https://en.bitcoin.it/wiki/Scalability - Bitcoin's "official" wiki backs this up
Secondly, Bitcoin doesn't have to scale up to Visa levels, at least not in 2016. In 2016, it just has to scale up. And there's plenty of room to scale up.
Bitcoin has a growth plan that subsidizes the expansion of the network (via inflation and adoption) for many more decades. In two decades, the Moore's Law equivalent of a 1MB block size is a 16GB block size. Even without additional scalability, Bitcoin can process a lot of transactions with 16GB blocks.
Now compare that to the subsidies in the form of bailouts to banks, and we'll see what's cheaper.
Yes, I'm being facetious, but my point is that if you want to include such costs on one side, you must do the same on the other.
I think what I did was a fair comparison.
Not a very compelling reason... storage is cheap!
But they also have to process the BoE payments - which is an added overhead.
The only real benefit is confidence, because the BoE effectively acts as escrow for all parties. So no one has to worry that settlement won't happen.
From the user's POV, it's not a bad system. It's vastly better than the situation ten years ago, when you literally had to wait a week for a cheque to clear - because the receiver had to validate it, and then post it back by snail mail to the originator.
However, some transactions still use that system. I recently closed a savings account and could only transfer the money by physically taking a cheque from one bank to another, and waiting a week.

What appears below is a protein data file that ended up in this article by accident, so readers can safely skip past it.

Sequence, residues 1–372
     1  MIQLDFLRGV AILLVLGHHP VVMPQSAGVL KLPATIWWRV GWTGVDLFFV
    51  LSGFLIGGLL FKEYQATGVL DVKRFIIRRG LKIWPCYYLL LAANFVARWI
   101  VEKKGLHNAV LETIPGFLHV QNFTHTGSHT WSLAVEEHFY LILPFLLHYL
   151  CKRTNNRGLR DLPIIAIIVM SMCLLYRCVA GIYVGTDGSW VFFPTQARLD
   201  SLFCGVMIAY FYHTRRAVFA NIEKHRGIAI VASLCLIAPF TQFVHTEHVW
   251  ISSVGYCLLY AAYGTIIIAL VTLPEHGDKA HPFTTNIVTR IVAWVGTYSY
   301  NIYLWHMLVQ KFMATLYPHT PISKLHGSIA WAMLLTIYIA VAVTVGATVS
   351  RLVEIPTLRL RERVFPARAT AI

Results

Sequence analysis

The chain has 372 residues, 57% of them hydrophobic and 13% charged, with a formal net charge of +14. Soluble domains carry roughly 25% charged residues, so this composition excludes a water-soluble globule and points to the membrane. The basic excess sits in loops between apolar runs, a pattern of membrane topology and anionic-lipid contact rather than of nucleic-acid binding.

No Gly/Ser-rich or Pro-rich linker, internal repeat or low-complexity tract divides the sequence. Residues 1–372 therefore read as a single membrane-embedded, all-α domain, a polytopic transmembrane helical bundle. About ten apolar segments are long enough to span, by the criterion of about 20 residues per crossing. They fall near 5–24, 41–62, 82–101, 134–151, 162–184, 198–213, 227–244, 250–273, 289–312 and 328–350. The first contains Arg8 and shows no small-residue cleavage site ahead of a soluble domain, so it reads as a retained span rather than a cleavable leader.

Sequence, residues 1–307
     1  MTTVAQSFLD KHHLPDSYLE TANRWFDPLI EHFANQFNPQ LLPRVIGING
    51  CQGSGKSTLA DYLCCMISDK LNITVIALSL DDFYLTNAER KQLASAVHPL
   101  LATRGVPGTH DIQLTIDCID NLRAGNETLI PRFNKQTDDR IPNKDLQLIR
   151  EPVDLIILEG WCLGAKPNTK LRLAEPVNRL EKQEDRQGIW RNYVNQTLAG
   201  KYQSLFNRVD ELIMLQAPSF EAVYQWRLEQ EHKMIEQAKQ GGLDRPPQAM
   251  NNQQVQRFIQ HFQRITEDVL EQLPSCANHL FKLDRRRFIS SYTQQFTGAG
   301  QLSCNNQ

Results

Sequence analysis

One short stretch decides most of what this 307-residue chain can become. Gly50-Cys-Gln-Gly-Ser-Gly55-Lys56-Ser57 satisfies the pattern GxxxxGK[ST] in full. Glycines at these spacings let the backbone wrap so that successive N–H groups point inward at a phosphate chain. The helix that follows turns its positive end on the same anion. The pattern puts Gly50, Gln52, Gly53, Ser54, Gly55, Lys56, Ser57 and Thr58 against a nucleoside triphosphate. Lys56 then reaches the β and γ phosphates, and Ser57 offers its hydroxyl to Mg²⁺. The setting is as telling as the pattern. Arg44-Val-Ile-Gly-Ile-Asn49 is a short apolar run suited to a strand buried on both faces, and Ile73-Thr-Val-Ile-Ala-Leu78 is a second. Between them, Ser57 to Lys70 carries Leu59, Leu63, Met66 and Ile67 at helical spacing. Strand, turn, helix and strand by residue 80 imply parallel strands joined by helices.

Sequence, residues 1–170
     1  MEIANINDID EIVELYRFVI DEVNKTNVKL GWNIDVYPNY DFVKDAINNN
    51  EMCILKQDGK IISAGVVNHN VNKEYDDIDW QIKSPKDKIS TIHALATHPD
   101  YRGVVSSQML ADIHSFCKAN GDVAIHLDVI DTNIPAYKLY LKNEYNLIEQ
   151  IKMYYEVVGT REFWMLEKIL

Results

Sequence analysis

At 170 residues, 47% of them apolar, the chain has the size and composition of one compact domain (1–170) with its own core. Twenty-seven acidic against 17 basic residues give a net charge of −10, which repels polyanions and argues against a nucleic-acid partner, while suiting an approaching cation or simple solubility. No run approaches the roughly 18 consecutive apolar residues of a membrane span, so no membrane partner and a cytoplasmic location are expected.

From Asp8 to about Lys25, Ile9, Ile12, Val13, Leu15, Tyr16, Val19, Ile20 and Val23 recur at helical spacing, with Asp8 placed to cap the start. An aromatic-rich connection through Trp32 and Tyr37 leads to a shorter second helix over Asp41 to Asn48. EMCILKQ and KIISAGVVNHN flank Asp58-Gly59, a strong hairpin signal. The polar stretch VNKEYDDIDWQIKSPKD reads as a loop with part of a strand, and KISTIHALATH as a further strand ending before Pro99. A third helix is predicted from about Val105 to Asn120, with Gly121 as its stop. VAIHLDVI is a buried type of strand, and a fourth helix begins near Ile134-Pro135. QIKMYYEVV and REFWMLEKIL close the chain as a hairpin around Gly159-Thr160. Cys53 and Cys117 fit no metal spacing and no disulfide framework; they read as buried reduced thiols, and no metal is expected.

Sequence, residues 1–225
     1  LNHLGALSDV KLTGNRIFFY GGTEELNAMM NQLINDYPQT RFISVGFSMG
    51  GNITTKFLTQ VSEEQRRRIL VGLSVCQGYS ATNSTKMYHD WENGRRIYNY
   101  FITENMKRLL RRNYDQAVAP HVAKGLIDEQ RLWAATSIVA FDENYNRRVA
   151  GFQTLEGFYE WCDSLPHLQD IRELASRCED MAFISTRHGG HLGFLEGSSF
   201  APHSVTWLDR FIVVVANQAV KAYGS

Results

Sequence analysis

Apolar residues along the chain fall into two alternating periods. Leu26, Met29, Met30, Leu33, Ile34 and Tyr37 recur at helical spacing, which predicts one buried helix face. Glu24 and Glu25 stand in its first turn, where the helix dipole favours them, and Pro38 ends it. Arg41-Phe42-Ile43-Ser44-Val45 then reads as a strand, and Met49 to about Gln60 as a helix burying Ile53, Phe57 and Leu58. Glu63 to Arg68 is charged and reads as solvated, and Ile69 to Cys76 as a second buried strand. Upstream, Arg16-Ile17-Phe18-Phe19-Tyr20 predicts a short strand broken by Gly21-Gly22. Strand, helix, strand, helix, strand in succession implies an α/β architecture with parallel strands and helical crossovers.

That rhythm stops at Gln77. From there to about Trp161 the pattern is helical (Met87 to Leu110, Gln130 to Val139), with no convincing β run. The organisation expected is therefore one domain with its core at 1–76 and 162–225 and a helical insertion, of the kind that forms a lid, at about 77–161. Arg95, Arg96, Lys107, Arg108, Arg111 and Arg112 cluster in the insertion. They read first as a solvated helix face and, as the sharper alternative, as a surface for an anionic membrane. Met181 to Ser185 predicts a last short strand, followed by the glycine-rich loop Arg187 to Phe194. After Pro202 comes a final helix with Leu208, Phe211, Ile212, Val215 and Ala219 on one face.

Basic transaction processing should really be part of the national (international?) infrastructure. It would be hugely beneficial to all kinds of businesses to have a simple, secure publicly available service for moving money around, at all scales from microtransactions to many millions - ideally linked to a free no-credit-offered cash account for everyone.
This article describes the system for moving money within one country but similar mechanisms exist for moving money internationally. Imagine the counter party risk involved between banks who are governed by different central banks in different countries half way around the world. Bitcoin removes the counter party risk in transfers by making settlement instant per transaction instead of net daily settlement in traditional banking.
The reason this is important is that these transfers revolve around credit and when there is a banking crisis and everyone suspects everyone else's credit worthiness then payment systems can break down.
Don't forget there is still counter-party risk on the side that is sending Bitcoin in exchange for goods as well.
The issue of risk of non delivery of goods is one that is a insurance service someone provides on top of a payment system and isn't particularly relevant to this discussion.
Physical exchange of cash and Bitcoin are the only two payment systems that I've ever heard of that don't have counter party credit risk in some form.
Currently, people are reporting three or more hours wait to get a transaction on to the blockchain, because bit-coin has a capacity problem.
So instead of being afraid of everyone else's credit worthiness, we now need Fort Knox level security, and any breach of said security means losing everything, permanently. It's like keeping savings inside a mattress, except people can use automated to try to hack into everyone's mattresses.
You can have a different opinion of course, but seeing how even Bitcoin exchanges get hacked all the time, it seems to me that the traditional banking system is far less risky.
Banking systems were not forced on the world; they evolved to solve real problems, and continue to evolve. It's is unreasonable to dismiss the structure of these institutions without a deeper discussion considering the reasons for complexity and where the industry is headed.
I believe that cryptocurrencies may present some improvement in the status quo at some point in the future, but not until there is more regulation (through government and/or through private contracts enforceable by civil law).